Safety Precautions :

   Although there’s always an understandable risk when working with a dogs, these risks can be minimized through planning, preparation, supervision, and training. Dogs will be chosen based on their temperament. Due to the safety of the participating students and everyone involved, any dogs that display even the slightest sign of aggression will not be part of the kennel program.

   While out on sled rides with students, a qualifying support person will accompany the sled, or sleds on a snowmobile at all times. I am trained and certified in first aid, and there will be a first aid kit in both my sled as well as the accompanying snowmobile. As mentioned I am a trained sled dog guide and do have years of experience in managing people around dog-sled teams without incident. I am confident in my ability to provide a safe, engaging and educational experience.


Partners:

  As mentioned I will work closely with the Chief and Council of Bloodvein, as well as community based organizations such as Jordan's Principle, and the Outreach program to deliver a safe, and effective program.

   I will  also work with community minded dog rescue organizations including https://www.facebook.com/k9advocatesmanitoba/">K9 Advocates,  run by a nurse here in Bloodvein to promote canine health in the community

   I am also happy to say that the good people at  Perfectly Raw , a high quality raw meat dog food company based right here in Manitoba, have agreed to donate their product to get us started, and keep us supplied at a discounted rate. Please check them out and give them your support.

  I have also formed a working relationship with a musher from the First Nation community of Hollow Water to the south of us, who has recently got out of the sport. Although he has sold off all his dogs, he has a lot of his sleds, gear, and infrastructure that he is selling to me at a more than reasonable price. He has also committed to helping me start up the kennel program. As a First Nation dog musher, who has the experience and knows the area, his mentor-ship will be an invaluable asset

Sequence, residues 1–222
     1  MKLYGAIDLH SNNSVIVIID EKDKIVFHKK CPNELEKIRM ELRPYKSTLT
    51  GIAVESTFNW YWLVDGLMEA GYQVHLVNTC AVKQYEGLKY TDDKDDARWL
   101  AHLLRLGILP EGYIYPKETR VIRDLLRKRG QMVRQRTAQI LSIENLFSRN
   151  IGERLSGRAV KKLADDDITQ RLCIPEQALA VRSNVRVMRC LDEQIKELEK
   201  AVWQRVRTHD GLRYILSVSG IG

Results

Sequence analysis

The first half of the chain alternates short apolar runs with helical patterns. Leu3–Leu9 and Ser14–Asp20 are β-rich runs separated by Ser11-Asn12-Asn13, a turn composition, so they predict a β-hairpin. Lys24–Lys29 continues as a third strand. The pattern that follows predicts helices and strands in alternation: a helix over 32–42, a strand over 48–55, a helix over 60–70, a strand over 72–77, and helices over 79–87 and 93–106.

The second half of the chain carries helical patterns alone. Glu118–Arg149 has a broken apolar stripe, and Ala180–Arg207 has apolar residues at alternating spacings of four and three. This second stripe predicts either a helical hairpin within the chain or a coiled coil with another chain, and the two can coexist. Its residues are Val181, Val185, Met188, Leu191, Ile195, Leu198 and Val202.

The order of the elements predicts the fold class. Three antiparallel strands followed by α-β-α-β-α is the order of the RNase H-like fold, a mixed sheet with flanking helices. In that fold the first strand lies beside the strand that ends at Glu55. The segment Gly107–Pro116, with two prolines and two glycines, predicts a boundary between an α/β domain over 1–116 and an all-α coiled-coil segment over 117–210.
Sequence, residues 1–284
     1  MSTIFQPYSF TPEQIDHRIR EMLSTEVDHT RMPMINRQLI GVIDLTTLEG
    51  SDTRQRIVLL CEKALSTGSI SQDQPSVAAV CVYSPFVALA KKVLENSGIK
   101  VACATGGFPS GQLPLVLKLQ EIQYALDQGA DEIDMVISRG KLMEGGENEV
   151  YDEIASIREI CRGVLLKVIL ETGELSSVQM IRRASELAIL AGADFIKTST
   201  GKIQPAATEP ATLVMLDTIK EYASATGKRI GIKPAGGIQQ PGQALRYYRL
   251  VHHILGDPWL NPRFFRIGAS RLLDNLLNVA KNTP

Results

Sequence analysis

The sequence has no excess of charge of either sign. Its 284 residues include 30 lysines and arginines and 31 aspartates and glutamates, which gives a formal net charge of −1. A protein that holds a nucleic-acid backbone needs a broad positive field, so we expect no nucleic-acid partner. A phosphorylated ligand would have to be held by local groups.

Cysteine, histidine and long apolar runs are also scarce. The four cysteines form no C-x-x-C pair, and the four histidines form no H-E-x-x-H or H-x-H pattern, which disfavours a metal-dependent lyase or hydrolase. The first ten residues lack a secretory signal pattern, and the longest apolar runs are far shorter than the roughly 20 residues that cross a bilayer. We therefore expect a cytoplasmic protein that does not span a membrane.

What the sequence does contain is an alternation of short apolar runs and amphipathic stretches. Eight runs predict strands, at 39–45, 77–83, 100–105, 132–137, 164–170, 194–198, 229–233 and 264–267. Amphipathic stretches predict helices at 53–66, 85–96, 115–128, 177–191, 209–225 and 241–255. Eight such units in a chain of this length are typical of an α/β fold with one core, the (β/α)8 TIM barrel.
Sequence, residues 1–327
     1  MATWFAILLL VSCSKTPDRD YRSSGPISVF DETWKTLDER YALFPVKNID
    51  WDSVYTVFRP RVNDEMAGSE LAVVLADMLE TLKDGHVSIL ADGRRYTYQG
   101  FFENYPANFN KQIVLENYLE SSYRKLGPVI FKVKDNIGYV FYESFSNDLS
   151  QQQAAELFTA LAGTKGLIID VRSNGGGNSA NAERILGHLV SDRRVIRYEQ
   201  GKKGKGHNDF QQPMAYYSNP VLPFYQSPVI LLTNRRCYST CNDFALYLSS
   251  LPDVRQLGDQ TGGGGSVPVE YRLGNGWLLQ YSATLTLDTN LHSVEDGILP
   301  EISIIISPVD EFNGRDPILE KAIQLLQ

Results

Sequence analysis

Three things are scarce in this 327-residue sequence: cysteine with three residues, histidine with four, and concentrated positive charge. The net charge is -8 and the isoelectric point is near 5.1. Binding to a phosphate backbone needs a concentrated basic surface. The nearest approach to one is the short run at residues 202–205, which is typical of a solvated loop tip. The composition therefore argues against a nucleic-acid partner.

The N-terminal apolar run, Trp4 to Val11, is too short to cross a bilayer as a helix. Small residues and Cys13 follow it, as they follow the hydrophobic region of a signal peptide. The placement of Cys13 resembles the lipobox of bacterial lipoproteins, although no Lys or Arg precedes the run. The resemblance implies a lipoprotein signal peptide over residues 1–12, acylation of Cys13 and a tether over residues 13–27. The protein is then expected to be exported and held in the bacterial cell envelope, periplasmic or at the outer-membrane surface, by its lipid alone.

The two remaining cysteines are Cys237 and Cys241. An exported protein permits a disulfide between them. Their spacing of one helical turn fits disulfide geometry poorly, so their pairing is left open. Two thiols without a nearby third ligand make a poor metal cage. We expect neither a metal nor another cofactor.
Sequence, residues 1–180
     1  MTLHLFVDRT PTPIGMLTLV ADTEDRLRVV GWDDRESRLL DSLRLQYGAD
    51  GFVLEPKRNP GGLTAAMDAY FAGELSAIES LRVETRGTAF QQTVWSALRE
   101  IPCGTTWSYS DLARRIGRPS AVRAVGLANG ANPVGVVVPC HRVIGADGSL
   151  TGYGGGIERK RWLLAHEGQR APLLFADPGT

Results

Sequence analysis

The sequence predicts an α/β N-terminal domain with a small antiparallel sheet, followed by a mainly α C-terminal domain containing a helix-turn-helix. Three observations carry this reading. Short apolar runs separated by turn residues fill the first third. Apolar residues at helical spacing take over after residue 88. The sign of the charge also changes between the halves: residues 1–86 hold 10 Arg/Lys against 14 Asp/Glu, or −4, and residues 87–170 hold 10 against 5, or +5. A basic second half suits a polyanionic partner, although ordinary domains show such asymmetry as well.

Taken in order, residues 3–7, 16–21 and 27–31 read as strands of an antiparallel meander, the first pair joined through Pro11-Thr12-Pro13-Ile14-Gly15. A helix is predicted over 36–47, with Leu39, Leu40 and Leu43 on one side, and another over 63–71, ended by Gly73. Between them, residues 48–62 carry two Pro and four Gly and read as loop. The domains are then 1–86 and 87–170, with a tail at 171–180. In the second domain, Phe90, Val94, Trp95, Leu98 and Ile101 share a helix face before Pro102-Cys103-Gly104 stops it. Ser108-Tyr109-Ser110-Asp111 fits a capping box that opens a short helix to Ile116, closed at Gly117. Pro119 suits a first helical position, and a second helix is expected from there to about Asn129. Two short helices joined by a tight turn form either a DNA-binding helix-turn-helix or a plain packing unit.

Elders and trappers from the community will be brought in to share their traditional knowledge of dog sledding and the deep relationship between Indigenous peoples and dogs.

   If you are part of an organization that would like to support or sponsor this program please feel free to get in touch with me at sidneyklassen77@gmail.com 

Start Up Costs:

   It's not cheap to start up even a modest dog-sled kennel, anything you can spare will help. Here's a general breakdown of the start-up costs

Snowmobile for safety and trail-breaking, and servicing cost = 3000.00
Infrastructure: such as houses, fencing, tie outs, chest freezer, hay or straw = 2000.00
Gear: sleds, harnesses, lines, headlamps, sled parts, etc..= 2000.00
Vet bills, shots, and transportation of dogs = 2500.00
Go-Pro camera to let students share their experience on social media: 500.00


Total: 10,000.00

  This is only the estimated start-up cost, and I do anticipate paying for a lot costs out of my own pocket, so any ongoing donation you or your organization is willing to gift would be greatly appreciated.

   Any extra money donated will go towards future ongoing costs for dog food, vet-bills, kennel maintenance, etc...

33592366_1539662571417163_r.jpeg(Giving dog-sled tour rides at Wapusk Kennels in Churchill, Manitoba)


I really believe this program can have a positive impact in this community, and I would hope you do as well. If so, I kindly ask that you "Like" and/or "Share", and/or donate to this campaign

Thank you very much, Miigwich


33592366_1539562119619905_r.jpeg(Urban mushing down the Assiniboine River Trail)

Donations (0)

  • Anonymous 
    • $50 
    • 12 d
  • Anonymous 
    • $40 
    • 1 mo
  • Rupert de Renzy-Martin 
    • $50 
    • 1 mo
  • Ryann McCorkell 
    • $50 
    • 1 mo
  • Deirdre Jasper 
    • $50 
    • 1 mo

Organizer 

Sidney Klassen 
Organizer
Bloodvein, MB